Religious freedom is protected under Article 9 ECHR. The balancing of this right tends to favour individuals who align with the values inherent in the ECHR, for instance, by protecting someone from harm or discrimination. Here, minorities rights have prevailed over Article 9 rights. However, religious freedoms of minorities have been restricted in light of majoritarian interests, even where majority rights have not been at stake. This demonstrates that minorities rights are only protected if they align with the values of the ECHR, but if they are not at risk from harm or discrimination, they are denied their Article 9 right, ultimately suppressing multi-culturalism.
Religious freedom restricted to protect minorities at risk
The ECtHR has restricted Art 9 if it interferes with an inherent ECHR value, for instance where the exercise of religious freedom discriminates against a minority group. In Ladele, the ECtHR placed weight on how employing someone against same-sex marriage at a marriage registrar can give the appearance that the registrar is unwelcoming towards same-sex couples. This discriminates against these couples as they are limited in where they can marry, causing them to feel even more vulnerable and unwelcome.
The domestic courts followed similar rhetoric in Bull v Hall. The Supreme Court held that the B&B owners’ Christian conscience could be restricted as it had manifested into discrimination against same-sex couples. In her judgement, Lady Hale emphasised how conscience cannot be a vehicle for discrimination against others, especially when the ground of discrimination is one that is still being targeted. Here, there was a need to assure homosexual people that they are worthy of equal respect and esteem, whereas Christianity had not been marginalised in the same way. This emphasises how minority interests can be protected if they align with values inherent in the ECHR.
Conversely, in Ashers v Lee, freedom of religion prevailed when a Christian bakery refused to serve a cake saying ‘Support Gay Marriage’ to a gay man. This shows that minority rights may not even be protected despite being inherent values of the ECHR. However, here, it is argued that religious freedom did not prevail, but the freedom of speech. The bakery was not discriminating against Lee himself, rather they did not want to write the specific message. Thus although Fraser-Butlin believes this case was a vital affirmation of the freedom of conscience and speech, it is argued that the manifestation of religious conscience is usually restricted where it discriminates against minority people, but a higher threshold remains before freedom of speech can be restricted. This follows Foster’s view which suggests that Ashers only applies to speech, not the right to discriminate or treat individuals differently.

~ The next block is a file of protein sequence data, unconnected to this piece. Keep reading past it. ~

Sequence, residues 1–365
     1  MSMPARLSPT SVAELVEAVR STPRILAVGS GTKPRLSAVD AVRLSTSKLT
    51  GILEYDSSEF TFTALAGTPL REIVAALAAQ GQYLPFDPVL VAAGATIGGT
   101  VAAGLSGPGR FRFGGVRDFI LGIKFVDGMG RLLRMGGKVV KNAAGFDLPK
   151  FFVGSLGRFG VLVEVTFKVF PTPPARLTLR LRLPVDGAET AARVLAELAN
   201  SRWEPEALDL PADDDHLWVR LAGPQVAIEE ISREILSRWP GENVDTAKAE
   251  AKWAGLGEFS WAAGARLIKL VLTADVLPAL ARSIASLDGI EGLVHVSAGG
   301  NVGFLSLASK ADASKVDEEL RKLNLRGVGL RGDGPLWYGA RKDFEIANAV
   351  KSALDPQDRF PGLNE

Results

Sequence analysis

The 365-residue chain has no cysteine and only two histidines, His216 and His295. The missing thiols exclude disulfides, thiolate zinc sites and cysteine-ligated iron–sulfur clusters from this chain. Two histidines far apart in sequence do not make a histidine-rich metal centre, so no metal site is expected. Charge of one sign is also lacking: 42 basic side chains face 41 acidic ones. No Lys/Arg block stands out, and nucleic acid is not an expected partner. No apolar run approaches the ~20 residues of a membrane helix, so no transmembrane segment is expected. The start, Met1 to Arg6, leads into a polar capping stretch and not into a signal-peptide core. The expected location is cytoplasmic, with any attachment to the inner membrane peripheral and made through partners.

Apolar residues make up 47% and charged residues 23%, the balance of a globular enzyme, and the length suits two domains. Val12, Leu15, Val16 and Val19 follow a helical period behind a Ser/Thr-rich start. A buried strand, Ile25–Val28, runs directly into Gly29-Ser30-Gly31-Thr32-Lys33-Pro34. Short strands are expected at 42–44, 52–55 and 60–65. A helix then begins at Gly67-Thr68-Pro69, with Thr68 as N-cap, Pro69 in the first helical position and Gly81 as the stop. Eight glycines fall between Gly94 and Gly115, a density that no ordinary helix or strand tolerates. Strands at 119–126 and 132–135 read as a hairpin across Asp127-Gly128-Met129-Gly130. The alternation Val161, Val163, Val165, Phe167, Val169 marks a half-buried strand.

Religious freedom restricted to protect majoritarian agendas
Where an individual is not at risk of traditional forms of discrimination like being denied service or treated differently, the Court tends to restrict minority religious beliefs, even if there are no competing minority rights at stake. The most significant cases involve religious clothing, in particular, Islamic dress. Here, the ECtHR will allow states to restrict these rights, perhaps as the ECtHR does not view these rights as inherent in the ECHR. For instance, in Ebrahimian v France, a nurse was lawfully dismissed for refusing to take off her headscarf, and in Dahlab v Switzerland, a teacher wearing a headscarf at school could not be reconciled with tolerance and equality as the scarf might have ‘some kind of proselytising effect’. It is argued that these cases demonstrate greater intolerance and inequality towards minority religions, as children and patients are surely exposed to other religions outside of these contexts so would not be overly proselytised by seeing a headscarf.
Possibly the most important case in demonstrating that the ECtHR does not protect minority religious groups if they do not align with ECHR values is SAS v France. Here the religious freedom to wear the burqa in public was restricted to allow for ‘living together’, which was linked to the legitimate aim of protecting the rights and freedoms of others in Art 9(2). Justifications for this restriction may be that France particularly protects the ‘laïcité’ state for greater integration and socialisation, so wearing the burqa may potentially hinder communication and approachability.